- Dentsu's New Study Unveils the Power of Intrinsic In-Game Ads in Capturing Attention
Dentsu's New Study Unveils the Power of Intrinsic In-Game Ads in Capturing Attention
With over 3.3 billion people playing games globally and with the video games market projected to be worth $320 billion by 2026, advertisers everywhere are increasingly looking to gaming to help them make meaningful connections with hard-to-reach audiences.
To help advertisers understand just how effective gaming can be at doing this, dentsu and Lumen have launched a new attention study in collaboration with Anzu, Twitch, and Activision Blizzard into the power of gaming, exploring several entry points to better understand how they can be used to augment media plans.
Carrying out the research
For the study, dentsu recruited 200 regular gamers aged 18 or over to take part in a 60-minute in-person lab study with Television City in Las Vegas. Their facility in the MGM Grand served as a great melting pot to capture a diverse sample of respondents. In addition, 250 online respondents were recruited as a control cell to compare results with the actual gamers. Test respondents played a range of real, live games for 30 minutes.
During the study, Lumen used proprietary eye-tracking technology to measure the players’ gaze during gameplay and then analyzed the results using their attention measurement software. All respondents (including the control case) then answered a series of questions to understand the ads' performance around a number of areas, including brand recall and brand choice.
The study revealed positive findings about how intrinsic in-game advertising can be a suitable entry point for brands looking to reach gaming audiences. Here are our top four takeaways.
1. In-game ads evoke twice as much attention as online display ads
The data from the in-person test revealed that Anzu’s intrinsic in-game ads evoked double the amount of attention compared to traditional online display ads at 3,422 seconds vs. 1,416 seconds. This confirms and builds upon previous research we carried out with Lumen, which also showed huge attention levels associated with in-game advertising due to the lean in nature of the platform and little to no second screening.
2. Average in-game CPM is less than half of traditional online video
Dentsu calculated an aCPM (attention cost per 1,000 impressions) (CPM / APM X 1000), where Anzu's average of $4.01 outperformed the dentsu norm of $4.72 and was shown to be less than half of online video ($9.67), and similar to social ($4.01).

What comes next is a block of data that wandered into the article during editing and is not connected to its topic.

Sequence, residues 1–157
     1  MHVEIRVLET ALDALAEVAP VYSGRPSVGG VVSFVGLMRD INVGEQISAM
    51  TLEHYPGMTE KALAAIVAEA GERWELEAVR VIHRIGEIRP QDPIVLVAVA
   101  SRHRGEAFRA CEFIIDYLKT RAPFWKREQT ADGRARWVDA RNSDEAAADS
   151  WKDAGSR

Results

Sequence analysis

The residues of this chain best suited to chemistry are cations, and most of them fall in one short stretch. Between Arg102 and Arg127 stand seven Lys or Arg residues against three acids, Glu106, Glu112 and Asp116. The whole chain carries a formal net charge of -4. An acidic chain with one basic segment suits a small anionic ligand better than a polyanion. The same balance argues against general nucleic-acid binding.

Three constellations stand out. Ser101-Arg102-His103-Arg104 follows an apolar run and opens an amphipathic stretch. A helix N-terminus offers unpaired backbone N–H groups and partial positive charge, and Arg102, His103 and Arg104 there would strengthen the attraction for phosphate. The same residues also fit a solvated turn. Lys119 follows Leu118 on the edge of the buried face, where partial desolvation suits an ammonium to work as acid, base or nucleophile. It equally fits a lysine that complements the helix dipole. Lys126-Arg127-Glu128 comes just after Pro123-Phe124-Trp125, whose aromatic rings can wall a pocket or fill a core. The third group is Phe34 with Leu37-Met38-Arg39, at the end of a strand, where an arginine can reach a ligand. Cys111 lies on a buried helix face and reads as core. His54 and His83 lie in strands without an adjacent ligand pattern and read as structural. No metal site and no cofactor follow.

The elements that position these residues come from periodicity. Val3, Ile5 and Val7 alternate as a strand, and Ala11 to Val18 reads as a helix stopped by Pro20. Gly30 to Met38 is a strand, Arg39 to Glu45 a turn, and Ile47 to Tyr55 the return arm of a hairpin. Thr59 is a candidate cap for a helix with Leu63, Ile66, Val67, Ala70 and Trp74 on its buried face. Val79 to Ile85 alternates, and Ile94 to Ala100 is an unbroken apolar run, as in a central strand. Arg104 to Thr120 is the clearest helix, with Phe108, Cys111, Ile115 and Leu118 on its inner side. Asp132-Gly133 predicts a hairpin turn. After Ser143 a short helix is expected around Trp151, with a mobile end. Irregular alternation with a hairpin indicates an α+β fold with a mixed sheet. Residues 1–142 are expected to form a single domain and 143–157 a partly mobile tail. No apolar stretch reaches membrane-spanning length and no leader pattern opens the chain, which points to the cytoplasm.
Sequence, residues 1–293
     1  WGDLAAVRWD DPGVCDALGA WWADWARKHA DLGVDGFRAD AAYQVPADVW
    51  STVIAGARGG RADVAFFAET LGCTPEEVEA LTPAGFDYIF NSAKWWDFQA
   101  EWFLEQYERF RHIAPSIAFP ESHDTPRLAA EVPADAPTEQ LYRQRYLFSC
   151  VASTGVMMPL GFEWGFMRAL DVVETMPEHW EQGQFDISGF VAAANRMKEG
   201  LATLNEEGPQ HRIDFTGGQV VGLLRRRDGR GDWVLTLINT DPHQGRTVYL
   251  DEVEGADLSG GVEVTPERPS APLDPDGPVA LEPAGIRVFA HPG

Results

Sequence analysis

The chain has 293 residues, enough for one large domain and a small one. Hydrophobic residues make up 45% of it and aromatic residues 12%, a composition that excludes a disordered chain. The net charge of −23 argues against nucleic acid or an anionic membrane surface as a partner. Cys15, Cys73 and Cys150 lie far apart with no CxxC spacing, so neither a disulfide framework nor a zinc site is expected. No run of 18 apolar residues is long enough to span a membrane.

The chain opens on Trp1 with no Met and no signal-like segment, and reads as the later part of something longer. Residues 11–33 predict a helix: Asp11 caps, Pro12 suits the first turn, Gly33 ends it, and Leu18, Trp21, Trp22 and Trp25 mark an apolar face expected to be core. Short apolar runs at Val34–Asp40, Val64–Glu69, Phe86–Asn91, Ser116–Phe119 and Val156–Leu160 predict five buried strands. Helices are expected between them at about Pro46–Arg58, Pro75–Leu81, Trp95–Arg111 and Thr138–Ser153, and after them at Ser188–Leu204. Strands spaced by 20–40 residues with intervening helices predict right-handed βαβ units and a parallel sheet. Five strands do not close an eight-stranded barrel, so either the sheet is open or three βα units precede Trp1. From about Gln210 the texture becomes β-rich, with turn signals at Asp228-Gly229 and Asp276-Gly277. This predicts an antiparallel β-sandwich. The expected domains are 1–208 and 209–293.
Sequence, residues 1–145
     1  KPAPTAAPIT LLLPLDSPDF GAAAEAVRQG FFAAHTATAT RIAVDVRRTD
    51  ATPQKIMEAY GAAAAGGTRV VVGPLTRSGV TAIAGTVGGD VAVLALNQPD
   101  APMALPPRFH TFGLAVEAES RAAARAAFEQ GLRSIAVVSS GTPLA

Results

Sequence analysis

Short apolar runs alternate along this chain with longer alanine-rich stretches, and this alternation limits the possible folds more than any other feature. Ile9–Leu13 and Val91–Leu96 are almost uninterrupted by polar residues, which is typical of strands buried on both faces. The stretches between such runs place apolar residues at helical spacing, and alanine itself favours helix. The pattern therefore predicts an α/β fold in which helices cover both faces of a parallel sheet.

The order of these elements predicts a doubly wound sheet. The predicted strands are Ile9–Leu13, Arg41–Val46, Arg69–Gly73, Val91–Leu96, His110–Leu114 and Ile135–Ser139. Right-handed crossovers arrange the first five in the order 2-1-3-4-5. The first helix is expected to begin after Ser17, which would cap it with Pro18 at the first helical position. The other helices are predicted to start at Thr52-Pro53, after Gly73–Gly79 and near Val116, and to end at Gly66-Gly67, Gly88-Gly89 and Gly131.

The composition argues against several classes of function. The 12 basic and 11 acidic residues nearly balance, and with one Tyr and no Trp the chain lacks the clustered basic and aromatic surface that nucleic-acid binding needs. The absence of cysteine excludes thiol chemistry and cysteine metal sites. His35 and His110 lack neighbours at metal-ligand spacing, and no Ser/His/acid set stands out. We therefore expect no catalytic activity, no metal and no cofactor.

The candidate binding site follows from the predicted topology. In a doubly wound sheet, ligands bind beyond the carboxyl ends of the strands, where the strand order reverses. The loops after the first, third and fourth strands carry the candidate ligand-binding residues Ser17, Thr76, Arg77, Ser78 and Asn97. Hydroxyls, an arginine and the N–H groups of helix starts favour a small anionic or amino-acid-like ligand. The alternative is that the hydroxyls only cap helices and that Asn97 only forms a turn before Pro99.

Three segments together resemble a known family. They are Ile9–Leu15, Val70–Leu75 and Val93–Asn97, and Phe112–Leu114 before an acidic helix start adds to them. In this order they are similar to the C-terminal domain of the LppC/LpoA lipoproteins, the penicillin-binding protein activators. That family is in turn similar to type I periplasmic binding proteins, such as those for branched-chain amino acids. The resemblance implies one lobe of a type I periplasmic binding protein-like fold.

This helps to debunk the myth that it costs a lot for brands to get into gaming and get in front of their audiences. With intrinsic in-game ads, you can be set up in no time, running your ads in placements that catch your audiences’ attention while complementing play and taking nothing away from the UX.
3. Intrinsic in-game ads get seen by players
In addition to the traditional viewability numbers that we performed well on, we led the way on actual eyes on ads during the live play test with a viewability score of 98% compared to dentsu’s norm of 83%, beating out audio (92%), social media (77%), online video (86%), and online display (90%). Anzu’s ads were also shown to have an average visibility on-screen score of 99%, well beyond the standard 87% benchmark.
The great thing about intrinsic in-game ads is that you can guarantee that your ads will be seen by the majority of players, yet they do not interfere with or disrupt the experience. This is an area that is only going to become more important as, while intrusive ads are annoying in general, they are especially annoying in games and during gameplay.
4. In-game ads are great for driving top, middle, and bottom of the funnel campaigns
Statistical testing shows that there was a significant correlation between average viewed time and prompted brand recall (R²= 94%). One of the displayed ad creatives, which was from a global travel brand, was particularly successful, with a 7% lift in brand choice among players of Trackmania (a racing game from Ubisoft, which was one of the PC games used in the test). In addition, the study showed statistically significant lifts in purchase intent when combined with strong creatives, with an 18% lift in purchase consideration among the exposed group.
These findings further demonstrate the versatility of in-game ads, debunking the myth that they are only good at driving top-of-the-funnel activities. By carrying out brand lift studies, advertisers are able to see the impact in-game can have on areas like brand recall, favorability, and purchase intent.
In summary, the results show that with intrinsic in-game ads, there is no need to compromise by choosing between the UX and ad engagement/effectiveness, as they offer advertisers a way to make meaningful connections with players while respecting their gameplay.
Additionally, from the results we see across the brand lift studies, for optimal in-game media effectiveness, advertisers need to follow the guidelines for different gaming genres, be strategic with the ad formats, and use clear branding, highlighting the importance of using the right creatives in gaming. Access the study in full here.
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Kyle works as Anzu’s Senior Insights and Research Manager. With experience spanning the media and technology industry, he is dedicated to uncovering what makes in-game advertising unique.